8

Let's say I have bought many stocks, ETFs and other products through Degiro. If degiro closes, do I have "access" to my financial products? How? Can I sell them aftewards through another broker?

  • 1
    The answer to this question will vary based on where you are investing. What country is your broker in? – Chris W. Rea Nov 5 '17 at 19:58
  • I am a resident of France and this broker I am planning to use is Dutch. – Grandmaster Nov 5 '17 at 20:28
  • 3
    You have marked as correct an answer that is specific to the U.S. but you are not using a U.S. broker. The answer does not necessarily apply to your situation. – Chris W. Rea Nov 5 '17 at 22:02
  • @ChrisW.Rea you are right, I chose the next one as the accepted answer since it applies to my situation – Grandmaster Nov 7 '17 at 14:50
6

Here is my perception of the situation, obtained from reading Degiro's Client Agreement.

If Degiro shuts down, it will notify you about the fact at least one month in advance, and you will have enough time to order a transfer of your positions to a different broker.

If Degiro shuts down unexpectedly, your assets will remain to be held at SPV, a separate legal entity which Degiro uses to hold the financial instruments belonging to the clients. Since SPV does nothing else but holding the assets, it is very unlikely that something bad will happen with it on its own. With some help from Degiro and/or the regulator (AFM) you should be able to transfer your assets from SPV to a different custodian and broker and thus regain control over them.

If you have a non-Custody account, you have slightly higher chances of losing your assets, because Degiro can borrow your securities held at SPV. If both the client for whom Degiro borrowed a security and Degiro itself go bankrupt at the same time, the lent security will not be returned to SPV, there will arise a shortage, which will be proportionally distributed among the accounts of the clients holding this particular security. However, then the investor compensation scheme should kick in and help you recover up to 20000 EUR of your losses.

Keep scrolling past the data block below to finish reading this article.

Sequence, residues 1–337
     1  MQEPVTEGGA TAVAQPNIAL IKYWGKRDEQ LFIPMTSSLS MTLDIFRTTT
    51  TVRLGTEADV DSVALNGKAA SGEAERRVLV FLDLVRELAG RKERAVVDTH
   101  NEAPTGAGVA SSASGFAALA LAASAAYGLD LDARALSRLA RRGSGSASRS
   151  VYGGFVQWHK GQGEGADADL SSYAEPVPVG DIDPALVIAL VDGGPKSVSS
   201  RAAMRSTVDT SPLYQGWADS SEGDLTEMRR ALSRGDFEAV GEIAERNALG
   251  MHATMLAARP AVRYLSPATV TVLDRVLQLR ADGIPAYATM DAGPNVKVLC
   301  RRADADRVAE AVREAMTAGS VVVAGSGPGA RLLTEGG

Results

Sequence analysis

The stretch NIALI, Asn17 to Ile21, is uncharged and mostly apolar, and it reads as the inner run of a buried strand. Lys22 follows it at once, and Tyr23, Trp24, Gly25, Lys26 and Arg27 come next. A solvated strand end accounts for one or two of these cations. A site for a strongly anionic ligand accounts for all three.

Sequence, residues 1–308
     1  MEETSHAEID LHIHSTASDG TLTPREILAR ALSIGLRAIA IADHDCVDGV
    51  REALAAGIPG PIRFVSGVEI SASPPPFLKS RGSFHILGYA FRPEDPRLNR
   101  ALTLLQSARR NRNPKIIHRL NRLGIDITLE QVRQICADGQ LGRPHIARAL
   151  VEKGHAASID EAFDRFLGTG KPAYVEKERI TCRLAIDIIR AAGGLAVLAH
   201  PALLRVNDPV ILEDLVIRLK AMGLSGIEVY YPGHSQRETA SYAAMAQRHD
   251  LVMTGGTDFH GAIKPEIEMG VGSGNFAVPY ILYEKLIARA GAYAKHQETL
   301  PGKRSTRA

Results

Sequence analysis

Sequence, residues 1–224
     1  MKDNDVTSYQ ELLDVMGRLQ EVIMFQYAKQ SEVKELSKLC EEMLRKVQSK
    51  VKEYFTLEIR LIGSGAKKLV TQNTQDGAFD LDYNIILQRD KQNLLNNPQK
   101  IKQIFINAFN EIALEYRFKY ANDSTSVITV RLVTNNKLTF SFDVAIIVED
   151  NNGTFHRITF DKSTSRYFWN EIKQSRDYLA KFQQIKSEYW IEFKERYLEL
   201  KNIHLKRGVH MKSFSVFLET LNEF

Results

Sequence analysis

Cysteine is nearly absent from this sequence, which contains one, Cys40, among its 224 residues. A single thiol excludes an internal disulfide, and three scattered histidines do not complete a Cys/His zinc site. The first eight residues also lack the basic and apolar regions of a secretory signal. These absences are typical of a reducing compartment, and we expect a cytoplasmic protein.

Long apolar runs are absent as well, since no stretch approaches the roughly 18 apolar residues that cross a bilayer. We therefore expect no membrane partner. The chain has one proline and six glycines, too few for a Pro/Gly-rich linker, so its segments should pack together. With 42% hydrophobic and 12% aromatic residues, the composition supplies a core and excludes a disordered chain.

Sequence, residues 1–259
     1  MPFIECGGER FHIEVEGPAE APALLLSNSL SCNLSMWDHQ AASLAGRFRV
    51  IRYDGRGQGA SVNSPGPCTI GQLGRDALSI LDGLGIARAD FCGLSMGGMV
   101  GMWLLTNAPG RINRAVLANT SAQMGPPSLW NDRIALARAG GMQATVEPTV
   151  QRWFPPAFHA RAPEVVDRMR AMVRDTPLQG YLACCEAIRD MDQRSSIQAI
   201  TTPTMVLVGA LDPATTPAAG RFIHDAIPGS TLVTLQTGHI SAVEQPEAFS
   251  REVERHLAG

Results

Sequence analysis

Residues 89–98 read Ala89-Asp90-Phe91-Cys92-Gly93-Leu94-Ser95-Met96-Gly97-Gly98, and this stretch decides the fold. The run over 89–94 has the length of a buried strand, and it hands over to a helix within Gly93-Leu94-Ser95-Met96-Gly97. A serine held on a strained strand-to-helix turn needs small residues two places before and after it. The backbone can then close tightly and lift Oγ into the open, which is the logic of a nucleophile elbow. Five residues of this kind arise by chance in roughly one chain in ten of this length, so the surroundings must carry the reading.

2

If you are using a US broker, you are protected by SIPC up to $500,000.

SIPC also oversees the liquidation of the broker itself, either by appointing a trustee, or by directly contacting clients. If they are able to transfer accounts to a healthy broker before bankruptcy, they will do so, but if not, you will need to file a claim with them.

  • 2
    This answer presumes the OP's broker is in the U.S. but that isn't necessarily so. – Chris W. Rea Nov 5 '17 at 19:58
  • @ChrisW.Rea Fair point. Will update the answer to reflect that. – Yosef Weiner Nov 5 '17 at 20:10
  • When you are saying $500,000, this means the money in the account (not invested), or the sum of the price of the stocks and products I have? – Grandmaster Nov 5 '17 at 20:37
  • @Grandmaster Up to $250,000 in cash within the total of $500,000 – Yosef Weiner Nov 5 '17 at 20:39
1

+1 to YosefWeiner. Let me add:

Legally, technically, or at least theoretically, when you buy stock through a broker, you own the stock, not the broker. The broker is just holding it for you. If the broker goes bankrupt, that has nothing to do with the value of your stock.

That said, if the broker fails to transfer your shares to another broker before ceasing operation, it could be difficult to get your assets.

Suppose you take your shoes to a shoe repair shop. Before you can pick them up, the shop goes bankrupt. The shoes are still rightfully yours. If the shop owner was a nice guy he would have called you and told you to pick up your shoes before he closed the shop. But if he didn't, you may have to go through legal gyrations to get your shoes back. If as his business failed the shop owner quit caring and got sloppy about his records, you might have to prove that those shoes are yours and not someone else's, etc.

  • 2
    Not necessarily, if you sign a securities lending agreement with the broker, or if the stocks are pledged as collateral against a margin loan that you are taking from the broker. – Yosef Weiner Nov 7 '17 at 9:41
  • @YosefWeiner Fair enough. I was thinking of the "normal" case. There are all sorts of special cases. – Jay Nov 7 '17 at 18:50

Your Answer

By clicking “Post Your Answer”, you agree to our terms of service, privacy policy and cookie policy

Not the answer you're looking for? Browse other questions tagged or ask your own question.